Bug Repellant other than Deet?

Jun 21st, 2003, 03:09 PM
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Bug Repellant other than Deet?

Just heard of Bite Blocker repellant, and Repel Lemon Eucalyptus Insectrepellant. Has anyone heard of or tried them? Supposed to work well, spell OK and not be toxic
lila5583 is offline  
Jun 21st, 2003, 03:45 PM
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DEET is about as non-toxic as anything else we smear on our bodies and it's really the only chemical that has been clinically shown to have anything more than marginal effectiveness. There seems to be this body of old wives' tales that have developed about DEET, and none of it is true. Use it only when you need it, use the lowest concentration that works for the conditions you're in, put in on your clothing rather than your skin if you can, and don't worry about it.
FlyFish is offline  
Jun 21st, 2003, 04:03 PM
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I've been using Burt's Bees lemongrass insect lotion lately. Seems to work OK. I find that even high concentrations of DEET aren't effective in certain areas of the tropics. When I was in Belize, I used a 95% DEET product everyday and still came home with lots of bites.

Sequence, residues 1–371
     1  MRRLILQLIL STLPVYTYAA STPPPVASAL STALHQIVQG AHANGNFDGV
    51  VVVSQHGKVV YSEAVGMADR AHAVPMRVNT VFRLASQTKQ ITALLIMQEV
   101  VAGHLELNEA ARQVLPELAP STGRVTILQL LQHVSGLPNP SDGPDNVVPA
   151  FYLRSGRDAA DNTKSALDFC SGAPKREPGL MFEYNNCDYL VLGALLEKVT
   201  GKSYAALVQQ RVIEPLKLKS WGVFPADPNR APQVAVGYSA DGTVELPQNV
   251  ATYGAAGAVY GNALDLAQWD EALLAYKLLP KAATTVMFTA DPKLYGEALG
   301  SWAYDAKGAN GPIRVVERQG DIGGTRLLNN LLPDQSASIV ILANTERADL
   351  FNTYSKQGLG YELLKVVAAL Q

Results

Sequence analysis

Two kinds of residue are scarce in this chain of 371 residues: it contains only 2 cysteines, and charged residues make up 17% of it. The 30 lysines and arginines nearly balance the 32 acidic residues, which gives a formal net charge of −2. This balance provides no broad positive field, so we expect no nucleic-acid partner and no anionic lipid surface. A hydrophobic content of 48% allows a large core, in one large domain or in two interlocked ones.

Patty is offline  
Jun 21st, 2003, 04:11 PM
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May I just add that Skin-So-Soft does not work.
Jun 21st, 2003, 04:35 PM
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I sure wish I could remember what I used in Australia yrs ago, but it certainly seemed to do the trick. Now that I think on it... it may have only been effective on Blowies(flies)
I bet certain things only work well against certain insects, thus the Belize problem Patty encountered where the insect population is likely multiple. Years ago my Parents lived in Argentina and Venezuela and we'd go down during school breaks but I dont remember it really being a problem there except Spiders, but then we're talking spiders that cast a shadow and leave footprints! YIKES! Good old fashioned OFF seems to work okay around here, Louisiana and we're no stranger to insects and when I go to New England each summer I'll use OFF and thats only if I remember to take it. Maybe certain body types or chemicals in our bodies make certain products more or less effctive also?
Jon_Eric is offline